• Vann Molyvann and the Absent Archives of Cambodian Modernism
    Felicity D. Scott & Mark Wasiuta

Vann Molyvann, Library at Institute of Foreign Language, 1965–71, Phnom Penh, Cambodia. Photo: Mark Wasiuta.

Cambodian architect Vann Molyvann's close relationship to the post-colonial Cambodian state provides a remarkable opportunity to investigate modern architecture's complex relations to the shifting political and geopolitical conditions of Southeast Asia in the period after World War II. This project first considers Molyvann's work in the context of the newly formed Kingdom of Cambodia (1953–70), for which he designed a large number of important civic buildings and infrastructural works—from the National Theater and Council of Ministers Building to the National Sports Complex—that served to institute and broadcast a new image of the country. In turn, it interrogates the fate of such architecture, both literally and conceptually, in the context of the military coup of 1970 and subsequent communist insurgency, leading up to the rise of the Khmer Rouge.

Felicity D. Scott is director of the PhD Program in Architecture (History and Theory), and codirector of the program in Critical, Curatorial, and Conceptual Practices in Architecture (CCCP) at Columbia University's Graduate School of Architecture, Planning, and Preservation. She received an MAUD from Harvard University (1994) and a PhD from Princeton University (2001).  Seeking to expand and complicate the subject matter and methodological frameworks through which modern and contemporary architectural practices are addressed, her work focuses on institutions, discourses, and media-technical formats (exhibitions, publications, time-based media, etc.), which, along with broader social, economic, scientific, environmental, political, and geopolitical forces, continuously redefine the discipline.  In addition to numerous articles, she has published Architecture or Techno-Utopia: Politics After Modernism (MIT Press, 2007), Living Archive 7: Ant Farm (ACTAR, 2008), Disorientation: Bernard Rudofsky in the Empire of Signs (Sternberg Press, 2016), and Outlaw Territories: Environments of Insecurity/Architectures of Counter-Insurgency (Zone Books, 2016).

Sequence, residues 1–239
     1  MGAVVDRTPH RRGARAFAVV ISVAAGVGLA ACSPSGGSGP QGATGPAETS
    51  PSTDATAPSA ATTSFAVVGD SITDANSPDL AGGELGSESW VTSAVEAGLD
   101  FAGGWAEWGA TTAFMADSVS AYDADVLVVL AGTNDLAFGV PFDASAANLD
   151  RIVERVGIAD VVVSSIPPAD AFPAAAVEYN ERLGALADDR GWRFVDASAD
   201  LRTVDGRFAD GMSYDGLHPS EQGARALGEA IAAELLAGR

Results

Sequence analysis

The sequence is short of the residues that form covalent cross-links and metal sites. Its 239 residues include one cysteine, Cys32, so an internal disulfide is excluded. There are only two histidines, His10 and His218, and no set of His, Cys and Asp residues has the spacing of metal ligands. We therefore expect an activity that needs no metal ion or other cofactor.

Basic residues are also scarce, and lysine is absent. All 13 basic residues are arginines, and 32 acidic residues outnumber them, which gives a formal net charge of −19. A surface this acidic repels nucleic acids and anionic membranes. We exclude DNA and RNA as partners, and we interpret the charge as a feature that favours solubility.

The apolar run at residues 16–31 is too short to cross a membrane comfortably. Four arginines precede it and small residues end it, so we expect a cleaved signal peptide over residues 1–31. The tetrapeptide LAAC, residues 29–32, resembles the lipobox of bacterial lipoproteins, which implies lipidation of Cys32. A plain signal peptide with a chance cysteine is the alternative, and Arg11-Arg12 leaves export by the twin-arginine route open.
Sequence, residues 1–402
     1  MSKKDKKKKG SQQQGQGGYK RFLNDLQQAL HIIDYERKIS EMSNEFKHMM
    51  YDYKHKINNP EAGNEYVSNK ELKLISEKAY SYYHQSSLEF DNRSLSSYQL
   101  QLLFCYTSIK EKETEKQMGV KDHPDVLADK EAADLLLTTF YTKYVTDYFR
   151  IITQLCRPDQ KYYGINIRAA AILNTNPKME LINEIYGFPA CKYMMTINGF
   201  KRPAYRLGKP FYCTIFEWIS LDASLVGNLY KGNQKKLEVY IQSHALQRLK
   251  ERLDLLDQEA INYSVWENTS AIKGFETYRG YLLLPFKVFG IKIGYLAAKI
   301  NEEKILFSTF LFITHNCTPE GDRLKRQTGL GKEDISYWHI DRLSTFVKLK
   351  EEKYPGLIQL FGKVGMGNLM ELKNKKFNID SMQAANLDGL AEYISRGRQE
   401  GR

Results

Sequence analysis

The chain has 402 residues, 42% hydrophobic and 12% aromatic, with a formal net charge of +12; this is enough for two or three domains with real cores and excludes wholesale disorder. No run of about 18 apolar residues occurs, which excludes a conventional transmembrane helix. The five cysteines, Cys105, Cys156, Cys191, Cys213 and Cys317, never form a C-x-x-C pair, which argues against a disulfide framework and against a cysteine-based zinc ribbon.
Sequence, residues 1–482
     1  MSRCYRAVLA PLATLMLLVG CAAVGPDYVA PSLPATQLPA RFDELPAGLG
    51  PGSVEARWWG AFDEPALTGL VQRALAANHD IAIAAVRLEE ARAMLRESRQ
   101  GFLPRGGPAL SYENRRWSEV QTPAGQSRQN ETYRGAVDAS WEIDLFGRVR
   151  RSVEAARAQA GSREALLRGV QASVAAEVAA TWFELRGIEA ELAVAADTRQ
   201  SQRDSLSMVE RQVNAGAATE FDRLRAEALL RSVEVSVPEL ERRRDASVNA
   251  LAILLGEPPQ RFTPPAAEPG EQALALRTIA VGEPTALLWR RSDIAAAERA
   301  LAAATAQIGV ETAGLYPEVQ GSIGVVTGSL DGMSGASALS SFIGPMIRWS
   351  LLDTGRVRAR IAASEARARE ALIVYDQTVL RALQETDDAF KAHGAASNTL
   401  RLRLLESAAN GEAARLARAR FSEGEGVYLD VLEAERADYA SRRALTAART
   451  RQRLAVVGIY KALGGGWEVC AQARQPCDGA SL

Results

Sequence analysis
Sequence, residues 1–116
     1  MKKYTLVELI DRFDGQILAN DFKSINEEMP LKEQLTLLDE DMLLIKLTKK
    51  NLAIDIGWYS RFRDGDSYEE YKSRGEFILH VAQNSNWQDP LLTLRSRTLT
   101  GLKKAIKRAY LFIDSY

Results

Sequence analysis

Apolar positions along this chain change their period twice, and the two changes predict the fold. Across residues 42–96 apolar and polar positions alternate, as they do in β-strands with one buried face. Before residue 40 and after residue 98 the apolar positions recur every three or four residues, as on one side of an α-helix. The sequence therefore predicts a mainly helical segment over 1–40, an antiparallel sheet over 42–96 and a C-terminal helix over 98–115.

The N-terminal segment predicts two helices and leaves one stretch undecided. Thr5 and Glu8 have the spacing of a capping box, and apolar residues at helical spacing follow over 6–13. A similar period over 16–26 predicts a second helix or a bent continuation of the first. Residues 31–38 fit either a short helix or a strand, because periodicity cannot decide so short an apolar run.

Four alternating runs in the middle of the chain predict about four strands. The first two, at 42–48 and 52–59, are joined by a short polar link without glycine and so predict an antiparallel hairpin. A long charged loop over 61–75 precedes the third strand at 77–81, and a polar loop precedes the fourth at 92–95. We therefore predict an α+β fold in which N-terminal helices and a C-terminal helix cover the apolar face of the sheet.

Mark Wasiuta is a curator, writer, and architect who teaches at Columbia University’s Graduate School of Architecture, Planning, and Preservation (GSAPP), where he is codirector of the Critical, Curatorial, and Conceptual Practices in Architecture Program. Over the last decade, as director of exhibitions at the GSAPP, he has developed a body of research and archival exhibitions that focus on under-examined practices of the postwar period. His recent exhibitions, produced with various collaborators, include Environmental Communications: Contact High, Information Fall-Out: Buckminster Fuller's World Game, and Les Levine: Bio-Tech Rehearsals 1967­–1973. Other exhibitions recently on view are Detox USA, at the Istanbul Design Biennial; Control Syntax Rio at Het Nieuwe Instituut in Rotterdam; and Every Building in Baghdad: The Rifat Chadirji Archives at the Arab Image Foundation, at the Graham Foundation in Chicago. He also directs Collecting Architecture Territories, a multi-year research program that analyzes global institutions that have emerged from private collections. Wasiuta is recipient of recent grants from the Asian Cultural Council, the Graham Foundation, and the New York State Council on the Arts.